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Music Reviews

Popular Music - Part 29 - February, 2000

Graham Vine

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Ratings:
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"There is Nothing Left to Lose"

Foo Fighters

Roswell Records; 74321-71699-2

Performance: Star (605 bytes)Star (605 bytes)Star (605 bytes)Star (605 bytes)
Audio: Star (605 bytes)Star (605 bytes)Star (605 bytes)Star (605 bytes)

As rock goes, it's pretty heavy stuff. But certainly not heavy going! Every moment is a treat. This third album from the Foo Fighters is somewhere around the 21-carat mark, though it's rather hard to pin-down where the attraction comes from. No doubt Dave Grohl's songwriting is the major influence, though his tunes cannot be classed as particularly catchy. The musicianship is of a high order, even if there is little in the way of solo guitar work. The album sounds original, but there are sprinklings of other familiar pieces.

The Foo's style has been likened to a latter-day punk, with its stripped down fundamentalism, though the effects lab has been raided for the best tricks on offer. Maybe all of these contradictions are what makes the album work so well for me. Those effects, for instance, could sound camp in a late 20th century setting. The flanging is used in a restrained way, but what a deep notch they give it (no gentle "Lucy In The Sky With Diamonds" here). The severe voice-filtering, that telephone-voice effect, works well (..."Hello, how are you, have you been alright...?"). And taking a pipe (just like Pete Frampton) to feed the guitar sound into your mouth (no, not a wah-wah. Hah, some 'critics'!) hasn't been heard for years.

All of these could have sent the album off course had they been adopted in some half-hearted way. But this album exudes confidence, and that makes all the difference. It's a crisp performance. Good harmonies - rather like Cheap Trick. And I was very impressed by the drumming. I could leave you to spot those similarities to other pieces; the ones I spotted were track 10 having a smidgeon of "Across The Universe" about it, and the end of track 6 has elements of both The Who's "Won't Get Fooled Again" and Radiohead's "Let Down". It's fun trying to spot more of these similarities, because the whole album is immune from criticism on these grounds. So buy "There Is Nothing Left To Lose" and have some fun.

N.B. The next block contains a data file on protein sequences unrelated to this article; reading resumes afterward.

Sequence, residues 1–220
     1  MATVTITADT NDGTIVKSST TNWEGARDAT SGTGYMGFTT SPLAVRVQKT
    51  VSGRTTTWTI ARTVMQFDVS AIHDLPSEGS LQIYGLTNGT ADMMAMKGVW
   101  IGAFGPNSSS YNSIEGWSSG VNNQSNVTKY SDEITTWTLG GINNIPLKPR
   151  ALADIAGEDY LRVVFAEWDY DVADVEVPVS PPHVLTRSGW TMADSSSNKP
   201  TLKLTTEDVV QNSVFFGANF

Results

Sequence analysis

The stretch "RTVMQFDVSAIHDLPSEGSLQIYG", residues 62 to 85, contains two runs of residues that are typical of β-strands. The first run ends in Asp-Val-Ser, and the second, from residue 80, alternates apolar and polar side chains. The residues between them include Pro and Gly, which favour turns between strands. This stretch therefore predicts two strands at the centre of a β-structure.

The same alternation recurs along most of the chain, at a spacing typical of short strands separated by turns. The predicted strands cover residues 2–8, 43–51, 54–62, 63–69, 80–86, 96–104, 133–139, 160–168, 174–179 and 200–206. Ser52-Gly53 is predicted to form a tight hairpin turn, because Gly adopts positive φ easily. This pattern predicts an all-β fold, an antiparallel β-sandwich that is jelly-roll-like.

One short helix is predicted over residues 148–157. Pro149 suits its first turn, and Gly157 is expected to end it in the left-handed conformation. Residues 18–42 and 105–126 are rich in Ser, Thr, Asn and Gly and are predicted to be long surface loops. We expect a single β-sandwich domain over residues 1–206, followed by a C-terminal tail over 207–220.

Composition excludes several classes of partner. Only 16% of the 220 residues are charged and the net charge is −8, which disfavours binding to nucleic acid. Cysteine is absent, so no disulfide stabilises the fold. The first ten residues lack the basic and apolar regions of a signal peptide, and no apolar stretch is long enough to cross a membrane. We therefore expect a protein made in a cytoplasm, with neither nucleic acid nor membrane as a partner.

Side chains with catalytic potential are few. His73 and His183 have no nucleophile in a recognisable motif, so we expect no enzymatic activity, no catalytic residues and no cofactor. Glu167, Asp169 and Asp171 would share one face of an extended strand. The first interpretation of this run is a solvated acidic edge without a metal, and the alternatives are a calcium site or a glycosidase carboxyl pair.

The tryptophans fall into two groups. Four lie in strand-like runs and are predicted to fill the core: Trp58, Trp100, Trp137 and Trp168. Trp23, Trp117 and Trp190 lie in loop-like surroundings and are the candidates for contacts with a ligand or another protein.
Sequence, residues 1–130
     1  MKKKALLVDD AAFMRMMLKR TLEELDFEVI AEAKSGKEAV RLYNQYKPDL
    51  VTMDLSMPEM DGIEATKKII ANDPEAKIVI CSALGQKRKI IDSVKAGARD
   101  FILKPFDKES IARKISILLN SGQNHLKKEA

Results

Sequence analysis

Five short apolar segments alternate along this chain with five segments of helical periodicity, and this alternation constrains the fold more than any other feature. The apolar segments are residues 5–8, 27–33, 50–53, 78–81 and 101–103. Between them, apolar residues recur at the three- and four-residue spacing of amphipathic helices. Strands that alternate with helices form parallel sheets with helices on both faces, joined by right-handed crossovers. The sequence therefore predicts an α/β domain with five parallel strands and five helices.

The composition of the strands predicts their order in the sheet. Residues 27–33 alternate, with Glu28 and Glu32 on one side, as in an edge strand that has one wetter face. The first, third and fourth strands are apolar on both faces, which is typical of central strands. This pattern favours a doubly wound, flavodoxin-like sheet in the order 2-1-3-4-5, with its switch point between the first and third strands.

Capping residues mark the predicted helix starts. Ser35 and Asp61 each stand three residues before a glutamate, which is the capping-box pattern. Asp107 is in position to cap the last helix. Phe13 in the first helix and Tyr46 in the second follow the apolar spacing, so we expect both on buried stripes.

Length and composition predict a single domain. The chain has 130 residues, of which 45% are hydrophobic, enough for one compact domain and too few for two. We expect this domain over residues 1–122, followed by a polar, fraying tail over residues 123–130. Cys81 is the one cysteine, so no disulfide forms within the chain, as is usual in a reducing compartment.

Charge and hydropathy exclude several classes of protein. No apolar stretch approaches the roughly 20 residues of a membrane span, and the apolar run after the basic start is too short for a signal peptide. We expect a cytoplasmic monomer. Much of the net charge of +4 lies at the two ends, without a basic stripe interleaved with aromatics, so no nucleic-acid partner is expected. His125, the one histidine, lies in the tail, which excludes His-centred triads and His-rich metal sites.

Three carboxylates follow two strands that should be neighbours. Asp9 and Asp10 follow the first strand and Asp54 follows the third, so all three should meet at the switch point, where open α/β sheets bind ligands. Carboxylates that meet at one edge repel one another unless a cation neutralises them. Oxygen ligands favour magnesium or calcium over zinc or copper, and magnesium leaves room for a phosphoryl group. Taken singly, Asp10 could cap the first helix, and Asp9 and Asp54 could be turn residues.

For reference, complete track listing:

1. Stacked Actors

2. Breakout

3. Learn To Fly

4. Gimme Stitches

5. Generator

6. Aurora

7. Live-in Skin

8. Next Year

9. Headwires

10. Ain't It The Life

11. M. I. A.

- GV -

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"On How Life Is"

Macy Gray

Epic; 494423-2

Performance: Star (605 bytes)Star (605 bytes)
Audio: Star (605 bytes)Star (605 bytes)Star (605 bytes)

Having heard two or three tracks from "On How Life Is" on the radio, it was clearly time for a personal audition. I was overall rather disappointed - well done to the music controller on the radio station for picking the best two or three songs to put on rotation. Naturally, that includes the deservedly-popular single "I Try", but such expectations expose the rest of the album to the possibility of a let-down.